That's why Dr. Torres, from Peru, and Irma Teune, Care-A-Van's only Spanish-speaking registered nurse, are invaluable. "They see her here and they feel comfortable," explains Hansen. It's easy to see why. Small and peppy with a contagious smile, Teune somehow makes the heat and confusion bearable. "It's a trust they have in her," says Hansen. "When we don't have an interpreter onboard we have to limit our services because we don't understand what they're saying or what they need. One of the reasons they use the van is because they feel safe." In other medical environments, such as hospitals and doctor's offices, many may feel intimidated or confused. Here, they're among neighbors, friends and family - an inclusive community that speaks the same language.
Care-A-Van assistant Lorenzo Hobson holds the list. Everybody sees him first to sign up and receive a number in line. More than a dozen moms, dads and kids are cramped inside the van that has all the amenities - fax machine, photocopier, Sesame Street Band-Aids - of a regular doctor's office. Two examining rooms are in the back, and families spill out from each. Teune and registered nurse Sherry Hollister give shots as quickly and painlessly as they can. Hollister swabs the thigh of 1-year-old Ronald Daniel Martinez before the first of five vaccines - measles, mumps, chicken pox, polio, DPAT. After two screaming, teary minutes his tiny body is safe from viruses he'll never have to fight.
According to Hansen, most parents they see have some form of health record on their children. Others, Hansen says, have never taken their child to a doctor. Care-A-Van started providing physician- and nurse practitioner-administered physicals four months ago to meet the community need. Before, the program had been limited to immunizations, screenings and referrals by registered nurses.
Just after 3 p.m., a Volvo pulls up. A few recognize the car at once. Dr. Torres quickly emerges, greets expectant faces and disappears into a church room where he gets to work. Hansen and Teune race back and forth from the van to the church hallway where many have gone to keep cool.
Hansen tries to appear calm answering as many questions as she can. She pulls eight chairs from one room into the hallway so every mother has a place to sit. "Let me know how many of you can understand English." A handful of hands goes up, the others nod. She explains the process of who goes next. The look of those waiting is one of patience and appreciation. Dr. Torres examines 5-year-old Mohammad Solomon with his dad proudly watching. Yesterday, Mohammad received his immunizations from Care-A-Van nurses at the Fair Oak Baptist Women's Fellowship on Nine Mile Road. Today, he's back for his physical. Tomorrow will be his first day at Skipwith Elementary. He says he can't wait. Dr. Torres gives him a clean bill of health, pats his shoulder and stares deep into Mohammad's happy brown eyes. "You study hard and come back and maybe someday you'll be a doctor," he says. "Then you can help people in your neighborhood."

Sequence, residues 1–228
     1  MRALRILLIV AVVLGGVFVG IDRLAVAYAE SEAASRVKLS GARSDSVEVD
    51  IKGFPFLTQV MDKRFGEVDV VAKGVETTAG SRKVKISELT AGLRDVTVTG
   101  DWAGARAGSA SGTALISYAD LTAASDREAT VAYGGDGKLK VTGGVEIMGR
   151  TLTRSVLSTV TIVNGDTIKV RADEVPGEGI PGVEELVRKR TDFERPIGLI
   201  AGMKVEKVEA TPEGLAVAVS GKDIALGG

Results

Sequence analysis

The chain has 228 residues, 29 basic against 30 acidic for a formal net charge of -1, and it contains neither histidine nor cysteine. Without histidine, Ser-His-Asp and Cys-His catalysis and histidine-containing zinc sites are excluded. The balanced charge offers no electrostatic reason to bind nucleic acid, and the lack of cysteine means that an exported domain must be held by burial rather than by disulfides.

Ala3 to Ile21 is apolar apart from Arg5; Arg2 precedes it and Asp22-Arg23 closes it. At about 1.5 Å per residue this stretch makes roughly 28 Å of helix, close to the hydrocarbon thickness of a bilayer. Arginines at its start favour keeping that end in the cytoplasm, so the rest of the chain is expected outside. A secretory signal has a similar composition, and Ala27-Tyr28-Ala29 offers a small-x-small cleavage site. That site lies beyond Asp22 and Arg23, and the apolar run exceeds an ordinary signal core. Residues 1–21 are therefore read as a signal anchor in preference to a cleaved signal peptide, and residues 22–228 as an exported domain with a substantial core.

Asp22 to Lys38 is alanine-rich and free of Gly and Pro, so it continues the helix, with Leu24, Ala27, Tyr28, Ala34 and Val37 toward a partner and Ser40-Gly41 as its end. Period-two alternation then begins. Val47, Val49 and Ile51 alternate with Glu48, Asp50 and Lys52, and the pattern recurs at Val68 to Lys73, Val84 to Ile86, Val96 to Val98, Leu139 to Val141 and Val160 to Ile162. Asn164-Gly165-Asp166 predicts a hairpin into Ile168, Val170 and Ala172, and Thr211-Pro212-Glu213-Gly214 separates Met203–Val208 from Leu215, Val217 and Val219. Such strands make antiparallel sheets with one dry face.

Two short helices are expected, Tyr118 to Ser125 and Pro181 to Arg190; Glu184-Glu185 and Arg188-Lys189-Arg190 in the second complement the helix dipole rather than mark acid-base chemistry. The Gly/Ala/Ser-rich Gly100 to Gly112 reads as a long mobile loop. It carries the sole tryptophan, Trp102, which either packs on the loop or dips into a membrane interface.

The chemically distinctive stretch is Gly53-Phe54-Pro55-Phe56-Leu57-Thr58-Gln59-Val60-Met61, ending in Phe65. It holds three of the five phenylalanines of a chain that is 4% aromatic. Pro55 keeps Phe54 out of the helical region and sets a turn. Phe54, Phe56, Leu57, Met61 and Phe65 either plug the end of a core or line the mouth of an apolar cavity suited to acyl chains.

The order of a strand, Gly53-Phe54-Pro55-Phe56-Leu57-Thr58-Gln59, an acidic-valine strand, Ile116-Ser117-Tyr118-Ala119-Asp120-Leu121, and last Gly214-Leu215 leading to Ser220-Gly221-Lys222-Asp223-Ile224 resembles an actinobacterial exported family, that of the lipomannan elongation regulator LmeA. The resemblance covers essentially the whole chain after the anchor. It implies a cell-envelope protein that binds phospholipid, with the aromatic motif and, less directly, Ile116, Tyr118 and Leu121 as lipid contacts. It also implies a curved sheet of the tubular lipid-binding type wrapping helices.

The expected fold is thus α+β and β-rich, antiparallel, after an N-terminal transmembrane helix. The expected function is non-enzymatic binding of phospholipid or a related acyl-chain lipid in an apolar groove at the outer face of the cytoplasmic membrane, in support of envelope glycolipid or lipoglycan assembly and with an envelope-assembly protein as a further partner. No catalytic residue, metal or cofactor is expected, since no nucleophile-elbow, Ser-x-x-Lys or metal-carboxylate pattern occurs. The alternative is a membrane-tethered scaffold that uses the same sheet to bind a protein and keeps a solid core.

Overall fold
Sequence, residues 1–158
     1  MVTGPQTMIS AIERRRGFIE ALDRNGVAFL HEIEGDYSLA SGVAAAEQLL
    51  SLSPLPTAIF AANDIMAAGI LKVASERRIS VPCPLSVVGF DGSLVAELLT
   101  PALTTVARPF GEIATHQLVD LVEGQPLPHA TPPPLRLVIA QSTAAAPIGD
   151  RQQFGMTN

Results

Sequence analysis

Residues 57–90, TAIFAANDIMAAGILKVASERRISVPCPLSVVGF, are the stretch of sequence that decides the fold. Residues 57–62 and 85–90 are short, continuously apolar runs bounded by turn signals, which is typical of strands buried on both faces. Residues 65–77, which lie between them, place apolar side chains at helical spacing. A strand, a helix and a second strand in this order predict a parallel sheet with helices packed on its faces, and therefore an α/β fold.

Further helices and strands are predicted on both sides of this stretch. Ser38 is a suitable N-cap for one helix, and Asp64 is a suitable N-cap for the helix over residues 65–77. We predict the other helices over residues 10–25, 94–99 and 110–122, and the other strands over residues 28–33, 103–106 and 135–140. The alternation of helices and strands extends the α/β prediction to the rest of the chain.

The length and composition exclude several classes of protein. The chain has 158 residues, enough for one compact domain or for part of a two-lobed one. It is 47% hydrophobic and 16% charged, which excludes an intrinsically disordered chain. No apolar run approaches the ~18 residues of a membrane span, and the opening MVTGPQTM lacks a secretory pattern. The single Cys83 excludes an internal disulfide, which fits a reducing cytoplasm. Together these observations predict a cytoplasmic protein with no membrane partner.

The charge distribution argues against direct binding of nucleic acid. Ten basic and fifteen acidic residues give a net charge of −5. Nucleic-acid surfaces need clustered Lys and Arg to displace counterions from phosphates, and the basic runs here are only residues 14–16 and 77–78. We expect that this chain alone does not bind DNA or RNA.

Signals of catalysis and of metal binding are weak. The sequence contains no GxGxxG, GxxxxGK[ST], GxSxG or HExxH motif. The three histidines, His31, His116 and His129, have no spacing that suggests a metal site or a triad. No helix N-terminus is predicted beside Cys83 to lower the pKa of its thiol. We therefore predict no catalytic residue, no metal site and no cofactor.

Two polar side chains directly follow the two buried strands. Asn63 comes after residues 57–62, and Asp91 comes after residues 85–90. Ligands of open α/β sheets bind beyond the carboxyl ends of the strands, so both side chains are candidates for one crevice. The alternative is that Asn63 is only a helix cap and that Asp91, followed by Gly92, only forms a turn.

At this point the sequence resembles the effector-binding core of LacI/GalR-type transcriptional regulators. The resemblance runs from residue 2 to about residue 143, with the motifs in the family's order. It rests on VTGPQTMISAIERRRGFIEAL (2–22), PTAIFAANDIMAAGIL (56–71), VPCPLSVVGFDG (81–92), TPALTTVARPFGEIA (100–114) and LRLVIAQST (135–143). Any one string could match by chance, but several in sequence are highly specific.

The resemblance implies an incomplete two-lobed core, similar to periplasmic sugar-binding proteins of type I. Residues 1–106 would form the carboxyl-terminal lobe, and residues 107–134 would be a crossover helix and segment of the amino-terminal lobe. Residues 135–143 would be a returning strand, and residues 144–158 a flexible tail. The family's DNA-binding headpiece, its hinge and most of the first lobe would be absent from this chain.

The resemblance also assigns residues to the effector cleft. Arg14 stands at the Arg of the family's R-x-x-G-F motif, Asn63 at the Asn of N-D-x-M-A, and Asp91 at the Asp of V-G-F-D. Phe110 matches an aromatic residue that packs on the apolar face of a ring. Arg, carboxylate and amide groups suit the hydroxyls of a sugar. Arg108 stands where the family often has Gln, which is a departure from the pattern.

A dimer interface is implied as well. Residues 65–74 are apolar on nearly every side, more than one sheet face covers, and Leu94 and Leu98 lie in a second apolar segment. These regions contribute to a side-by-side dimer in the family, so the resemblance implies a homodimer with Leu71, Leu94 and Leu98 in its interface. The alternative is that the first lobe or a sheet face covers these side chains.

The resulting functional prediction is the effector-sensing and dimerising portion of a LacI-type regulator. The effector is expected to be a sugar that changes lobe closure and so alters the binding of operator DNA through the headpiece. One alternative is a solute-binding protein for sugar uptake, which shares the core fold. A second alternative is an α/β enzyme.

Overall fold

It's 4 p.m. and the nurses on the van haven't seen everyone. They've worked diligently and swiftly. Sweat shines on their faces more than strain. Only a few who have waited seem frustrated that they may have to return next time. "I feel sorry for these people working here," says Phyllis Hong who has waited on the van with her daughter, Angela Snow and grandson, Damien. They heard about Care-A-Van from people at Damien's preschool. He's been told he can't return until he gets his shots. "We tried to get an appointment with a doctor, but were told we couldn't get one for two to three months. I think next time, we'll make the doctor's appointment."
"This is our busiest site," Nurse Hollister explains to Hong. "You might want to try another [next time]."
Care-A-Van assistant Hobson pulls a flyer from the stack he has handy at the front of the van. "Here's a list of all our clinics." Eventually, Hong's grandson gets the shots he needs.
A two-hour whirlwind ends just shy of chaos. In the end, only one complaint. More important, 40 names have been crossed off the list. Still, Teune worries for the moms, dads, sisters and brothers she' s not able to get to. "So many come and they don't have insurance. They fall through the cracks." A family arrives long after the cut- off time and, today, Teune has to turn them away. "I told them to come back next month. Maybe if they had come at 2 p.m.," she starts, then thinks better of it. "I just can't see